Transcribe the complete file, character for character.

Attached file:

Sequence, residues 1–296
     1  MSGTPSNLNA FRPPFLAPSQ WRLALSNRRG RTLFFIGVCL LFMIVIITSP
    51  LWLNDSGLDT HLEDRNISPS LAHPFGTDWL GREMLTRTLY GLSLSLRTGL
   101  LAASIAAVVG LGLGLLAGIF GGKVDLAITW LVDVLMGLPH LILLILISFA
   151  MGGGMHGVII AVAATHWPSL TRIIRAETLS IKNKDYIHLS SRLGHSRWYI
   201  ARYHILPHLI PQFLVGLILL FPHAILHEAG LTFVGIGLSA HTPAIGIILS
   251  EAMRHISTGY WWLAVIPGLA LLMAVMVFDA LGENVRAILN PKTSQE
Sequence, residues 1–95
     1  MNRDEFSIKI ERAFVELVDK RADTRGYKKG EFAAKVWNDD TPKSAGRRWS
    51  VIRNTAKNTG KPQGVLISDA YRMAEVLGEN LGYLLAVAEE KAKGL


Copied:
Sequence, residues 1–296
     1  MSGTPSNLNA FRPPFLAPSQ WRLALSNRRG RTLFFIGVCL LFMIVIITSP
    51  LWLNDSGLDT HLEDRNISPS LAHPFGTDWL GREMLTRTLY GLSLSLRTGL
   101  LAASIAAVVG LGLGLLAGIF GGKVDLAITW LVDVLMGLPH LILLILISFA
   151  MGGGMHGVII AVAATHWPSL TRIIRAETLS IKNKDYIHLS SRLGHSRWYI
   201  ARYHILPHLI PQFLVGLILL FPHAILHEAG LTFVGIGLSA HTPAIGIILS
   251  EAMRHISTGY WWLAVIPGLA LLMAVMVFDA LGENVRAILN PKTSQE
Sequence, residues 1–95
     1  MNRDEFSIKI ERAFVELVDK RADTRGYKKG EFAAKVWNDD TPKSAGRRWS
    51  VIRNTAKNTG KPQGVLISDA YRMAEVLGEN LGYLLAVAEE KAKGL